I’ve noticed that some misogynists have been convinced by male feminists. After all, they’re more likely to take a feminist seriously if that person is male. A friend of mine said she has a feminist male friend who looks ordinary—he looks like a “Good old boy” and he’s casually talked sense to patriarchal males. I’d like to see people like him sent out into the Midwest!

“I think that with some people you need to not necessarily baby it down, but use language they understand; you don’t want to go over their head and sound like a snot or be preachy. It’s a lot harder for people to accept information if they’re being preached to.”

“So much of my understanding of feminism is intuitive, ingrained in our culture, and eventually you see it more clearly. Others aren’t educated. It’s not like you’re seeing feminist commercials. There aren’t a lot of feminist TV shows. It’s not like you’re getting educated about it just by being alive.”

As a feminist, I’ve had to educate myself rather than relying on school or parents. Not everyone is inspired to do this.

My patriarchal mother and aunts behave as if women’s history and female perspectives are still not written down or published, and as though their local Barnes & Noble’s doesn’t even have a women’s studies section, which is not the case. They don’t try looking up feminist books or otherwise educate themselves and say ridiculous things like, “If women wrote history, it’d be about babies and children.”

“I think there are definitely a lot of feminists who are a part of the problem. They sometimes go so far to the extreme that they say you’re either with us or against us when addressing a stay-at-home mom. An example is saying you’re not a feminist if you’re wearing make-up. There’s a better way to say that, like you look beautiful without make-up.”

“As women we need to support each other. We need to support each other more in just being women and being confident and educating and learning and those kinds of things.”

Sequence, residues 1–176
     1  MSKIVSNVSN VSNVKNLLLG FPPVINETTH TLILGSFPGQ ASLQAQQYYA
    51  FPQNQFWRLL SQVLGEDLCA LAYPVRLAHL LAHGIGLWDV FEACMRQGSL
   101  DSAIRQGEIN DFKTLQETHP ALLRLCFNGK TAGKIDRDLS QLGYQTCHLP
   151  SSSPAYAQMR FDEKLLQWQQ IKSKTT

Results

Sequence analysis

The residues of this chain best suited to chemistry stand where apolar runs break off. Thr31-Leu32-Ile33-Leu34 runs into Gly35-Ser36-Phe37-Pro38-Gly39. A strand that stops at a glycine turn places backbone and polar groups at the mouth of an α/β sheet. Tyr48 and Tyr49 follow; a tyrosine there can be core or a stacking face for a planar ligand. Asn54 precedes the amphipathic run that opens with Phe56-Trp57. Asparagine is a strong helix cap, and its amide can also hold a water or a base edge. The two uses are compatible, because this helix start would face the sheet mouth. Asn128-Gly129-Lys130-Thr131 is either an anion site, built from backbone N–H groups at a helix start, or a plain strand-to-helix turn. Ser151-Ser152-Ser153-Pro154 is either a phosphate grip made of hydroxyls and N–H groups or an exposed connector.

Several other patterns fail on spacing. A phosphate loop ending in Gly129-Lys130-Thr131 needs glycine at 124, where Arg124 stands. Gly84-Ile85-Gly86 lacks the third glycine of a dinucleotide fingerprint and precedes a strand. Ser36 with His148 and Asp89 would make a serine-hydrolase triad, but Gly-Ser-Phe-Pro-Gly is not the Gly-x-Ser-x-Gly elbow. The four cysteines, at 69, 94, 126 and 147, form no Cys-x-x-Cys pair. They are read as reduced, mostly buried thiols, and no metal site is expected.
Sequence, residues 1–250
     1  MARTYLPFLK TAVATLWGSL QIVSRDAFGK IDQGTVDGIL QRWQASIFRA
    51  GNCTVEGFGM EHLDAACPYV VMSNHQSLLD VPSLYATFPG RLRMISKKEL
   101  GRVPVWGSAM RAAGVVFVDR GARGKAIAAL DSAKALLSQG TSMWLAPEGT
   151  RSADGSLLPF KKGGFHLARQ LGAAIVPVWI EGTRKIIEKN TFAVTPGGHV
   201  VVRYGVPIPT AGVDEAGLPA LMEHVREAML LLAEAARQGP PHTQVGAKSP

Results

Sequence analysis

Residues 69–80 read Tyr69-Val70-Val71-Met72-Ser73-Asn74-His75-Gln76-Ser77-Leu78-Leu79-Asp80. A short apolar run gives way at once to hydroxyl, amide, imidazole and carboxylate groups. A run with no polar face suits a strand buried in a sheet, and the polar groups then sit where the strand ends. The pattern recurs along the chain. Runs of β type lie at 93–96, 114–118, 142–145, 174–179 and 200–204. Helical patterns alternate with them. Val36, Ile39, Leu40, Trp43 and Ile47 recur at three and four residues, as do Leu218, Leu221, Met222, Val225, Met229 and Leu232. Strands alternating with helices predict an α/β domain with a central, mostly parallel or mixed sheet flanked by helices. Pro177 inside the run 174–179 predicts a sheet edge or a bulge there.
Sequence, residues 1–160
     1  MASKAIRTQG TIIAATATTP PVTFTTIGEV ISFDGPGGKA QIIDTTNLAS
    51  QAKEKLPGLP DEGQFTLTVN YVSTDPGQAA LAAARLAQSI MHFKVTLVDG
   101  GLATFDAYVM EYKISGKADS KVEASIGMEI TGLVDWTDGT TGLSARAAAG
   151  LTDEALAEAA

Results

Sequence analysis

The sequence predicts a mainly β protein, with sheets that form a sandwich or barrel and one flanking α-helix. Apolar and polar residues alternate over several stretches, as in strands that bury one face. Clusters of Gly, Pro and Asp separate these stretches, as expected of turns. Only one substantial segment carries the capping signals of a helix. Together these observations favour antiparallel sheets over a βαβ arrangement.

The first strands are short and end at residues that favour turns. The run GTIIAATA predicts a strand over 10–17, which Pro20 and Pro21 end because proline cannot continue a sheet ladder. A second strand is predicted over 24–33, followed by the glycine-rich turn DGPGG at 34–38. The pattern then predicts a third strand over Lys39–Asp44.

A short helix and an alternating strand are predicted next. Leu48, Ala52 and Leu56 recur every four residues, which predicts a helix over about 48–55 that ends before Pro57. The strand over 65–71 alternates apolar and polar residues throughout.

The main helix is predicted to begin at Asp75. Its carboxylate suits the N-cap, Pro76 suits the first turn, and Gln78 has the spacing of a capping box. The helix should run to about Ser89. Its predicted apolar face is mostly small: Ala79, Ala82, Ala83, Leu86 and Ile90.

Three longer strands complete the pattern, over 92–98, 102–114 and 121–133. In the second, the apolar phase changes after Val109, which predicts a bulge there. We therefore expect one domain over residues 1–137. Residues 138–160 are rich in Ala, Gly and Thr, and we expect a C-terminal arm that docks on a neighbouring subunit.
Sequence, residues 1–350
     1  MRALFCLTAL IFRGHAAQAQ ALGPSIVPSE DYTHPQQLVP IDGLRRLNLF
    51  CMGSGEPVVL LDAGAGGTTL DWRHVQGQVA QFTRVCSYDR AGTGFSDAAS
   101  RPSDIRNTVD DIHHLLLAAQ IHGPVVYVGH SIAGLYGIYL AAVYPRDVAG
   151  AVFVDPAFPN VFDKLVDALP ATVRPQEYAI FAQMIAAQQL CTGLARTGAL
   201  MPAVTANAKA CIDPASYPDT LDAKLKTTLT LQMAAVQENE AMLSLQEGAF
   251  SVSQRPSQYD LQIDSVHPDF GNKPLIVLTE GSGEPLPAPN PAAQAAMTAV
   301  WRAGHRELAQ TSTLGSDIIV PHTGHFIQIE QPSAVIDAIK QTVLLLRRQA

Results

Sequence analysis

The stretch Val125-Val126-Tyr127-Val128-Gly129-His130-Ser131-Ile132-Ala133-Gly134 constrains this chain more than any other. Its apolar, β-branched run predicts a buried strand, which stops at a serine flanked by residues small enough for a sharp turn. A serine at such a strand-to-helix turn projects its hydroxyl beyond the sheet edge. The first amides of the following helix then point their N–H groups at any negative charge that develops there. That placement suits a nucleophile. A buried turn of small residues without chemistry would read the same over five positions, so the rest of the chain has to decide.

“I had an experience with some young women who went so far as to be bullying. And what it comes down to is we’re no longer friends because I’m white, cisgendered, and so privileged. It’s all thanks to a petty argument. Especially in high school girls get so petty and cliquish and I don’t like that because I want to connect with other girls and experience sisterhood.”

“We do grow up—well, it doesn’t always happen. I’m sorry you had to experience that. But it does help you learn the friendships you do want and the people you associate with.”

“It does help you figure out what you do want in friendships and relationships, You learn to reject people who are toxic.” (I’m in my forties and am still learning this.)

“There’s a fine line with education and beating guys over the head with their own privilege. After you identify the privilege, where do you draw the line and stop telling them, stop beating them over the head? I’ve talked with a lot of my male friends, and they do feel a lot of guilt. Guilt is an unpleasant place to be in.”

You don’t want to be so overwhelmed that you don’t even try.

I’m learning all the time and learning as a feminist. You can always say, Oh, I just saw this… and bring up a specific situation, and that can help educate others. You can’t force anyone to do anything.

“And you shouldn’t. You wouldn’t want anyone to try to force you to be something that you’re not.”

“I love my mother but she’s very set in a certain mindset. I’m not going to shift her thoughts unless she wants to change. I think there’s a point when you have to acknowledge whether someone is willing to change or not.”

Sometimes maybe you can sit down with someone and ask them why they think a certain way.

Sometimes you just have to accept each other as you are (when it comes to relatives) and that they’re not going to change. With parents, it’s easier if you’re not living with them.

“My high school does have a gender studies class, but we have a really work-heavy senior year so I didn’t get to take it. I’m glad that this is a space where I can kind of have a gender studies space.”